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Trying To Bridge Gap Between Direct Hiring, Access

It’s a bill that keeps coming up — by the same author three years in a row, and in three different forms in the previous legislative session. But this time around, Assembly member Sandré Swanson (D-Alameda) swears it will be different.

And for one day, at least, it was.

Swanson’s bill, AB 1360, on Monday passed out of the Assembly Committee on Business, Professions and Consumer Protection on a 5-3 vote. It now heads to the health committee. It’s a bill that attempts to address the shortage of physicians in underserved and rural areas by allowing some hospitals in those districts to hire them directly. The idea is medical facilities would be better able to attract physicians – particularly primary care doctors – if they were allowed to negotiate directly with them. 

“Everyone sees there’s a mal-distribution of physicians in this state,” Swanson said. Even when many Californians are covered by Medi-Cal, they can’t necessarily find a physician anywhere near them, he said. “About 3 million of these Californians can’t get care. And that will be heightened by the additional number of enrolled patients [starting] in 2014. We think this bill will get us ahead of the curve on this.”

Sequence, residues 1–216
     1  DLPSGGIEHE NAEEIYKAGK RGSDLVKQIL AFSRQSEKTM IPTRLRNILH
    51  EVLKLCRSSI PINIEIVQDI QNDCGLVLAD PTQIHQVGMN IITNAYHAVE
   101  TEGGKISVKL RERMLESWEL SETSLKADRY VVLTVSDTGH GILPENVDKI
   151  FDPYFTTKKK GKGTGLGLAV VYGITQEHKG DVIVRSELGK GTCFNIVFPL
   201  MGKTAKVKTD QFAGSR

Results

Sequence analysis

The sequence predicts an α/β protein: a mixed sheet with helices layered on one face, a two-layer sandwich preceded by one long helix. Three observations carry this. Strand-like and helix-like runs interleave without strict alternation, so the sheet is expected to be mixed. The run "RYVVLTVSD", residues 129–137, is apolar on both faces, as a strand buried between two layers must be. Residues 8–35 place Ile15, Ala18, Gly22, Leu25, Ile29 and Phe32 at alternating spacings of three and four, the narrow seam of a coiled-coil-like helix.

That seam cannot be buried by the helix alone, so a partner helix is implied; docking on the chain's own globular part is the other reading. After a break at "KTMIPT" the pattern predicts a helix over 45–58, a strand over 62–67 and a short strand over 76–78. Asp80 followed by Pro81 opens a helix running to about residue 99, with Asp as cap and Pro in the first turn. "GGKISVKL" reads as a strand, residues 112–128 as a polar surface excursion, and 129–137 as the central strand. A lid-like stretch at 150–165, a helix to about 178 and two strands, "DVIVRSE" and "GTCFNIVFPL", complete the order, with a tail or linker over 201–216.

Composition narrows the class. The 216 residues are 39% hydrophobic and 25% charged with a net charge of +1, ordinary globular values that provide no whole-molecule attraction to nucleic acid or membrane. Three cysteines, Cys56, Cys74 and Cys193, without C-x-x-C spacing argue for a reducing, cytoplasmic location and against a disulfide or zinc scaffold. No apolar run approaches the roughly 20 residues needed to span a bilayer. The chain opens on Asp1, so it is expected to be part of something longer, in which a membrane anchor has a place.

Primary opposition to this bill comes from physicians who worry that if physicians become hospital employees, hospital administrators would have more influence over physicians and their medical decisions, which could compromise patient care.

There is no evidence to support that claim, Swanson said. “It’s an assertion of a problem, but there’s no evidence about it,”  Swanson said.

A pilot program in which rural hospitals hired physicians in California ended last year. Swanson’s bill significantly expands the scope of that pilot program.

For instance, the pilot had a provision that eligible hospitals had to serve at least 50% Medi-Cal and Medicare patients. Swanson’s bill doesn’t include a target percentage, though he says it still might.

“We’re looking at that question,” he said. “I don’t have any problem with that percentage. We’re meeting with the CMA [California Medical Association] to try to work out the details before it goes to the health committee.”

AB 1360 is scheduled to go before the Assembly Committee on Health on Apr. 26, but Swanson said it will likely be pushed to the subsequent committee meeting on May 3 — to give more time to meet with the CMA.

“I’m willing to look at any reasonable amendments to this policy,” Swanson said. “Because doing nothing is not an option.”



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